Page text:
13. If you haven’t sent your cabin neighbors their annual holiday card yet, do it before you head up and enclose a note and key to your cabin. Perhaps they wouldn’t mind running over a day or two before your arrival to turn up the thermostat so it’s toasty when you arrive? And if you have a phone-in system that will do it for you, send your cabin neighbors a card anyway.

14. Prewrap gifts in sturdy brown paper packaging. Popular for mailing packages, this paper stands up to jostling that decorative wrapping papers can’t. Pack fabric bows and ribbons separately so they won’t fray or crease, and add those final flourishes when you arrive.

15. Make one day a pj day. The gang can’t help but feel snuggly and relaxed if the rule is all pajamas, all day long.

16. We don’t care how you get there, just be prepared to get there. That means making space in the vehicle for jumper cables, shovels, traction-bestowing cat litter and extra blankets if you’re driving to a snowy destination. If you’re flying, plan time for reconfirming flights and checking in
at the gate early.

17. Don’t forget the holiday tunes. Nothing packs easier than a few song books for sing-a-longs. But if you’re determined to hear Burl Ives and Bing Crosby croon, you don’t have to pack the entire collection. Make use of a CD burner and record a few key compilations of your favorites before heading to the cabin.

18. Ambience is essential to any holiday party. Unlike candles in glass votives, travel candles, which come in tins with lids, are lighter and less likely to break. Use them – many come in holiday scents like pine, holly berry or cinnamon – or simply purchase a package of tapers. With a minimal whittle to the bottom, they fit easily into the neck of empty wine bottles.

19. Outdoor entertainment is one of the best parts about being at the cabin, so make the most of it when celebrating. Sledding, ice skating and snowshoe hikes are awesome ways to spend a holiday. But if gear isn’t available, don’t forget snowball fights, snow angels and nature walks, too.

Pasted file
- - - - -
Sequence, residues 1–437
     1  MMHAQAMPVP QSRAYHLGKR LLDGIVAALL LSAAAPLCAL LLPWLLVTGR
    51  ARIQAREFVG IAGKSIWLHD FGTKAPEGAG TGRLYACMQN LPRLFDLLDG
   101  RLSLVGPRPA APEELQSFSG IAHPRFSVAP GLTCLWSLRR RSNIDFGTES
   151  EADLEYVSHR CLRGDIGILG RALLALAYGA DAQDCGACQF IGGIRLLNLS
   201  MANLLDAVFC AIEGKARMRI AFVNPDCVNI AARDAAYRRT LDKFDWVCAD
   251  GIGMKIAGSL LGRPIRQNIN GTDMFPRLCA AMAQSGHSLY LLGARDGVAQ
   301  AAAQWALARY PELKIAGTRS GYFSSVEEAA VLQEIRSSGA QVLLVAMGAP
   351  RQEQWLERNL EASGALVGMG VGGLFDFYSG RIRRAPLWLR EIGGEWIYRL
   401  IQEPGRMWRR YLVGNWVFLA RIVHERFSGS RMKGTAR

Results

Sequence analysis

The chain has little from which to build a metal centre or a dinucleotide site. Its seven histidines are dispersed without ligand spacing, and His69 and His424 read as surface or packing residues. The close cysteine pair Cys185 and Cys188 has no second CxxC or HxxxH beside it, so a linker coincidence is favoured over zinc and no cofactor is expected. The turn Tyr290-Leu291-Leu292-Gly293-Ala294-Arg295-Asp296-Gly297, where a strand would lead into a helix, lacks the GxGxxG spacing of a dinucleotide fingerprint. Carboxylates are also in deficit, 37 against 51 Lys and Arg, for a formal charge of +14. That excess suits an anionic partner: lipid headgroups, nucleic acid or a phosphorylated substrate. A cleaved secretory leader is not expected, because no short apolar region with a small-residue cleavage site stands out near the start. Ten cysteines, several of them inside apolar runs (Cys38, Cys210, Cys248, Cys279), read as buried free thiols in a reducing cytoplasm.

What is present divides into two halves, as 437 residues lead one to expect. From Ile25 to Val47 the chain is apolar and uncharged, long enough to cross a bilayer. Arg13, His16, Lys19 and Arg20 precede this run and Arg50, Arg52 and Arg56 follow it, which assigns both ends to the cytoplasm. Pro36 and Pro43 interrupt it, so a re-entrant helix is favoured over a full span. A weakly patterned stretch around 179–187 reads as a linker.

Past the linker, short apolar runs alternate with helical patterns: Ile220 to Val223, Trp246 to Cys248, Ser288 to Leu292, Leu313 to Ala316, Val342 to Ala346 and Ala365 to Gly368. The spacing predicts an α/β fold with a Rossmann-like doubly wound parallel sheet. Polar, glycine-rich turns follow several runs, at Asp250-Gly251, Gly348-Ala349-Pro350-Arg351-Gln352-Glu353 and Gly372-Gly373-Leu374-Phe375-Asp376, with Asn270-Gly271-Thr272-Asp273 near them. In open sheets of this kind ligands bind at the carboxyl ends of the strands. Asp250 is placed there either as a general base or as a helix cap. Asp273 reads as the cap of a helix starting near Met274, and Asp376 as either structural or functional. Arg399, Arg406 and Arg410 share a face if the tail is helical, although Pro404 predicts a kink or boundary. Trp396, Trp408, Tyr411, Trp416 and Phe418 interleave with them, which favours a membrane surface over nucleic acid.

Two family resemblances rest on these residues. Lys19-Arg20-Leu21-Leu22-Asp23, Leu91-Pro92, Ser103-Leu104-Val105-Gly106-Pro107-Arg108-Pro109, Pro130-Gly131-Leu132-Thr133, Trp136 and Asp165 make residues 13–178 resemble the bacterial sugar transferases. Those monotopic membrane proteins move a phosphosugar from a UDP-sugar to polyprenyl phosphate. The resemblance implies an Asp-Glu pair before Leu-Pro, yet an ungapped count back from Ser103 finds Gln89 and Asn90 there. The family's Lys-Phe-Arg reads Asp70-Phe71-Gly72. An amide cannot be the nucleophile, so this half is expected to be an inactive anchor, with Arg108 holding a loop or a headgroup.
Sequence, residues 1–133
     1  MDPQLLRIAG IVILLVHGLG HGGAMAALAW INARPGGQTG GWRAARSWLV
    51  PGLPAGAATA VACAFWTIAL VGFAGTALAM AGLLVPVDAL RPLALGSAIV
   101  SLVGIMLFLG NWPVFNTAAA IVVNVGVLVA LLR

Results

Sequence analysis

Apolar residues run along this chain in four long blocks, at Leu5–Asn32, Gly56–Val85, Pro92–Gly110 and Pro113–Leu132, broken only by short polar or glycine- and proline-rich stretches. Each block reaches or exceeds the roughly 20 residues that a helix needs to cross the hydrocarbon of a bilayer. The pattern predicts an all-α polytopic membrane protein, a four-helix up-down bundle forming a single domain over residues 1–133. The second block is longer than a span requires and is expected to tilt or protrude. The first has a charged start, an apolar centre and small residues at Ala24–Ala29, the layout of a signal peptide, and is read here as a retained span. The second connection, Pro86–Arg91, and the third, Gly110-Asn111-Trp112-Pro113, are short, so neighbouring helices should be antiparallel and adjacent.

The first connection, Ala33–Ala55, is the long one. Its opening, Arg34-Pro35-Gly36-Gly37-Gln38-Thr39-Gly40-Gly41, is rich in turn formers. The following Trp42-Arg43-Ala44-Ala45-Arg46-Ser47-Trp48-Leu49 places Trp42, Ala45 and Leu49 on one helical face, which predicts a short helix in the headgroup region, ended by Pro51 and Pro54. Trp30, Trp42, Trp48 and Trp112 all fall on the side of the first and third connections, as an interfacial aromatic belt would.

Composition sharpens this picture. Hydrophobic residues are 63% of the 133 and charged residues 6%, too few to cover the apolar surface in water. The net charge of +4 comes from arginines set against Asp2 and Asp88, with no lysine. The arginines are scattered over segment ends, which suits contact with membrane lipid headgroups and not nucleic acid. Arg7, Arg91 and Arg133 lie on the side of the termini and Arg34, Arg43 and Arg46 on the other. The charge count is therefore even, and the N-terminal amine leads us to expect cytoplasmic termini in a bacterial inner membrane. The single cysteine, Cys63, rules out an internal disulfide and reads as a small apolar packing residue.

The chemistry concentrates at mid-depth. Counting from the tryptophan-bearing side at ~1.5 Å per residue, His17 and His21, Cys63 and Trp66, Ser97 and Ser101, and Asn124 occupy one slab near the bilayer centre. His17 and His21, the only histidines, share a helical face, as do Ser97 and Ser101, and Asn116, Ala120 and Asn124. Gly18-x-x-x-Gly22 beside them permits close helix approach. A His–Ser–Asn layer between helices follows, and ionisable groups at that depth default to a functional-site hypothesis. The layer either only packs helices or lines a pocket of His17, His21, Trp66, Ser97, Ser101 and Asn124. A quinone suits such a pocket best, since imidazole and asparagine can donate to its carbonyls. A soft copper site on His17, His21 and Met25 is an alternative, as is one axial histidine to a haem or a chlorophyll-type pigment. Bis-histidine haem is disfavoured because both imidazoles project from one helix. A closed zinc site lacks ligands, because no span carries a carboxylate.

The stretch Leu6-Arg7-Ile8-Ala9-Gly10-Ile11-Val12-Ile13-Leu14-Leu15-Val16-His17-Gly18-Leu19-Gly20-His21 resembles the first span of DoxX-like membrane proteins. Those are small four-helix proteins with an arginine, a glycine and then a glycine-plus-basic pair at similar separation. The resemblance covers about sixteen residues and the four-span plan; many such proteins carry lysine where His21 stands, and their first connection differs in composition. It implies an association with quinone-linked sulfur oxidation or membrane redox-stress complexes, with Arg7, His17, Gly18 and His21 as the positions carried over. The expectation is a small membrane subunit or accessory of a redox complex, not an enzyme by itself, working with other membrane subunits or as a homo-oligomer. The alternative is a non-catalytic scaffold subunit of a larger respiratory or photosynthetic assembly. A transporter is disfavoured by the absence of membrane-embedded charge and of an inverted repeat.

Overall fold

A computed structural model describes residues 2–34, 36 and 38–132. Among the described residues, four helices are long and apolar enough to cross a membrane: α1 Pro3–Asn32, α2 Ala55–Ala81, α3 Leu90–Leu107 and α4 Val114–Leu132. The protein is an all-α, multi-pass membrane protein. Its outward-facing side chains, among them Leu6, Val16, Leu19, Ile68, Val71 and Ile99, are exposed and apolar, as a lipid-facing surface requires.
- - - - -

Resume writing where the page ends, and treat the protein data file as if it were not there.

20. Remember the story of Stone Soup? A visitor at a small village convinces each villager to contribute one item to a soup (he provides the stone.) The result is a heart- and belly-warming stew no one ever forgets. For one meal, ask every guest to bring one ingredient that will, together, create a recipe.

21. Whenever possible, just add water. Dry goods – powdered drink mix versus soda, oatmeal instead
of cereal that requires milk, muffin mixes that just need water – save a lot of space in the car and in the cabin cupboards.

22. Treat guests to a favor that will commemorate the occasion and be useful during the celebration. Slippers, disposable cameras, etched champagne flutes or fancy hot cocoa packets stuffed in individual cups make great gifts, are inexpensive and don’t take up a lot of room in the luggage.

23. If gifts are on the agenda and you are simply out of space, have presents shipped to the cabin so that they arrive shortly after you do.

24.  Feeding a big crowd? Rather than overwhelm the oven and stovetop with a dozen dishes at once, plan the menu ahead, incorporating dishes that can be cooked on the grill and with other appliances such as crock pots, toaster ovens, microwaves or even a deep fryer. Assign each family or couple to bring an appliance you don’t have at the cabin – and know where the circuit breaker box is!

25. Take time during your holiday celebration to reflect on the magic of the moment – the nature outside your door, the love among those gathered inside, and the cabin that made it possible to bring it all together.

Freelancer Lynda Twardowski has visions of popcorn garland dancing in her head.
Roger Wade
Make one day a pj day. The gang can’t help but feel snuggly and relaxed if the rule is all pajamas, all day long.